1911 Encyclopædia Britannica/Abbey/York

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St Mary’s Abbey, York, of which the ground-plan is annexed, exhibits the usual Benedictine arrangements. The precincts are surrounded by a strong fortified wall on three york sides the river Ouse being sufficient protectionYork. on the fourth sidel The entrance was by a strong gateway (U) to the north. Close to the entrance was a chapel, where is now thechurch of St Olaf (W), in which the new-comers paid their devotions immediately on their arrival. Near the gate to the south was the guest-hall or hospitium (T). The buildings are completely ruined, but enough remains to enable us to identify the grand cruciform church (A), the cloister-court with the chapter-house (B), the refectory (I), the kitchen-court with its offices (K, O, O) and the other principal apartments. The infirmary has perished completely.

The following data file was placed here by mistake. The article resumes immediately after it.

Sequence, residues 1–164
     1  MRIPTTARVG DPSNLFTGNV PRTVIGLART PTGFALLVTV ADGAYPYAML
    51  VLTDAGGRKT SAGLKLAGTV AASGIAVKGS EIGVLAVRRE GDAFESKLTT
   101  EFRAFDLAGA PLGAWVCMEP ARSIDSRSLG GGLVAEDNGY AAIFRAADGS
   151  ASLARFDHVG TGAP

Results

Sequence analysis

Some Benedictine houses display exceptional arrangements, dependent upon local circumstances, e.g. the dormitory of Worcester runs from east to west, from the west walk of the cloister, and that of Durham is built over the west, instead of as usual, over the east walk; but, as a general rule, the arrangements deduced from the examples described may be regarded as invariable.

EB1911 - Volume 01 pg. 46 img 1.png

Fig. 4.
St Mary’s Abbey, York (Benedictine).—Churton’s Monastic Ruins.

A. Church.
B. Chapter-house.
C. Vestibule to ditto.
E.Library or scriptorium.
G. Necessary.
H. Parlour.
K. Great kitchen and court.
L.Cellarer’s office.
N. Passage to cloister.

Q. Uncertain.
R. Passage to abbot’s house.
S. Passage to common house.
U. Great gate.
V.Porter’s lodge.
W.Church of St Olaf.
X. Tower.
Y.Entrance from Bootham.